Published on the 1st of November, 2017
All the orphan elephants in our care are rescued as milk dependent babies; we are with them 24 hours a day to provide for their needs, our keepers even sleeping with babies at our Nursery, as we act as their surrogate family. Our Ex Orphans are elephants that have risen up the ranks of maturity and dependency to live a life in the wild once more, and the month of October in 2017 was a month of pure celebration for our Ithumba Unit.
Nothing highlights the success of our Orphans’ Project quite like the birth of wild born babies to orphans raised by the Trust and now living wild. First Yatta, the matriarch of our Ex Orphan herd at Ithumba, gave birth to her second calf on the 7th October, followed by two of her adopted ‘sisters’ Nasalot on the 14th and Sunyei on the 21st, all giving birth to healthy calves, bringing the total count of our wild born babies to 28. Of these 28, eight have been born close to the Ithumba stockades and we are delighted to witness the Ex Orphan herds beginning to expand so naturally, and not only through the addition of orphans joining their ranks as they out-grow our reintegration units. The Ex Orphan herds are slowly but surely morphing into a composition befitting a wild herd, including sisters, aunts, teenage calves and young babies.
Ex Orphan Nasalot’s first baby arrived on 14th October, a half-pint sized bull we named ‘Nusu’, the Swahili word for ‘half’. Nasalot was only just 3 months old when she arrived at the Nairobi Nursery in 2000. A victim of poaching from the lawless area of north Turkana where the existing elephant population had mostly turned nocturnal to survive, feeding in hours of darkness so they could hide during the day. A clearly traumatized little calf, it took a long time for Nasalot to settle into the Nursery, wanting to sleep during the day and being extremely restless at night, pacing her stable and mourning for her lost family. Eventually, with her strong genes behind her, she turned a corner and grew into one of the most caring females in the Nursery, pouring her grief into the dedication of helping calves younger than her. In 2004 she was earmarked for the move to the new Ithumba Unit with her best friend Mulika, along with Yatta and Kinna, from the Voi Unit. They thrived here with the six other translocated Nursery babies and in time their herd grew as the dependent orphans moved up the ranks and ventured onto becoming independent. In 2011 Mulika, Nasalot’s best friend, gave birth to the first wild born baby in the herd, Mwende, followed by Yatta in 2012 who gave birth to a healthy baby girl Yetu; now the herd was beginning to expand naturally as well.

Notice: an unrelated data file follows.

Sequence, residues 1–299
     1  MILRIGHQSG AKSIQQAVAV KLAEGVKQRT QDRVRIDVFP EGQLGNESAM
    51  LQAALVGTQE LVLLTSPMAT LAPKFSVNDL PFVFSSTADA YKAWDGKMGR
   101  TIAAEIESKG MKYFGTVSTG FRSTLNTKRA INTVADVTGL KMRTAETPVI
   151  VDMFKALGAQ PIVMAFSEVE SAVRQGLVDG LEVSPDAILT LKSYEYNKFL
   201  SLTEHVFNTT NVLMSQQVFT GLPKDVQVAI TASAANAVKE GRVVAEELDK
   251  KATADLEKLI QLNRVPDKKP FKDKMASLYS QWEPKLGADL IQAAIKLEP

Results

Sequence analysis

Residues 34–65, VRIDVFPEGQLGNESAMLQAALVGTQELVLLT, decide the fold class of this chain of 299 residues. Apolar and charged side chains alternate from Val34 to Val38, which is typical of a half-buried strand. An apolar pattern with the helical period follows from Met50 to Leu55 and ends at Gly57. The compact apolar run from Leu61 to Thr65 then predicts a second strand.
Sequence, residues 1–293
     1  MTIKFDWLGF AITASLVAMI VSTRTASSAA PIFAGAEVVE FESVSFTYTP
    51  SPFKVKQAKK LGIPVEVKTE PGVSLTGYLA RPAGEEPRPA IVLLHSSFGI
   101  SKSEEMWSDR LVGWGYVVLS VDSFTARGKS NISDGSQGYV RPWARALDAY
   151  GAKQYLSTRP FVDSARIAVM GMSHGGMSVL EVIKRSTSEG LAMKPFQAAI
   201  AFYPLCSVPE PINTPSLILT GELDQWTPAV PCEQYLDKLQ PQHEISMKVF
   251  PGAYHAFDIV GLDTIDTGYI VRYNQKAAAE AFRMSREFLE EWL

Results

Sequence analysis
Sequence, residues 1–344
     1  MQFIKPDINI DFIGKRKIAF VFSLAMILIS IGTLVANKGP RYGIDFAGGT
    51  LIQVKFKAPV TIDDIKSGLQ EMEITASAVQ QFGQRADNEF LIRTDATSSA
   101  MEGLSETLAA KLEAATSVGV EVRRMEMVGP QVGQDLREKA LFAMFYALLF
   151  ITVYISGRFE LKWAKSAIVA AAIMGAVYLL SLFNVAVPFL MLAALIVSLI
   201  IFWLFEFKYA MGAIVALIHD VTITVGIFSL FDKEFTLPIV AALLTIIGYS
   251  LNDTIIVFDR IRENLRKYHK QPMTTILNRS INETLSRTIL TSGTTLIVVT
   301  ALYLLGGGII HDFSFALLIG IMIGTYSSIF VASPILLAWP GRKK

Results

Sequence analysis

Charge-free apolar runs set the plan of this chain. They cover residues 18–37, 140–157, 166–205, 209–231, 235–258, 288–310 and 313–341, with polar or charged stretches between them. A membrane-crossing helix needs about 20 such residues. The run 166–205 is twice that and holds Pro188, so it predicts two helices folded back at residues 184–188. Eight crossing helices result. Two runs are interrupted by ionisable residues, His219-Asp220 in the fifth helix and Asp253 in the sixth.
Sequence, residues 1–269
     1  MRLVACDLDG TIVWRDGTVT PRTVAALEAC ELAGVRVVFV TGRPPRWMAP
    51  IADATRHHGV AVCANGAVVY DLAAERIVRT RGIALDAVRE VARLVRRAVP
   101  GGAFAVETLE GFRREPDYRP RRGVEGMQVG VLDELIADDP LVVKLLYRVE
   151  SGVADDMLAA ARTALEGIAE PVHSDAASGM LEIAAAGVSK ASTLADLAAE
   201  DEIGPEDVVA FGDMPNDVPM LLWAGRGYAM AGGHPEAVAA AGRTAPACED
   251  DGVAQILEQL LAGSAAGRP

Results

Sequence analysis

Nasalot has her work cut out for her as baby Nusu is a mischievous handful who cannot resist climbing into the drinking troughs and then dunking his head under the water, which Nasalot finds unnerving. Assisted by her chosen ‘nannies’ from the herd, those that help protect the newborn calf in its most vulnerable time of life, Chyulu, Lenana and Olare, Nasalot has proved an exceptional mother to Nusu. She has shown us once again that our orphans can be successfully raised by humans, given the right parameters, and go on to live a flourishing and natural life in the wild, and be extremely competent mothers despite losing their own families at such a young age. Because of the pioneering work of the Trust over 40 years, well over 150 elephants are now flourishing and living a natural life in the wild.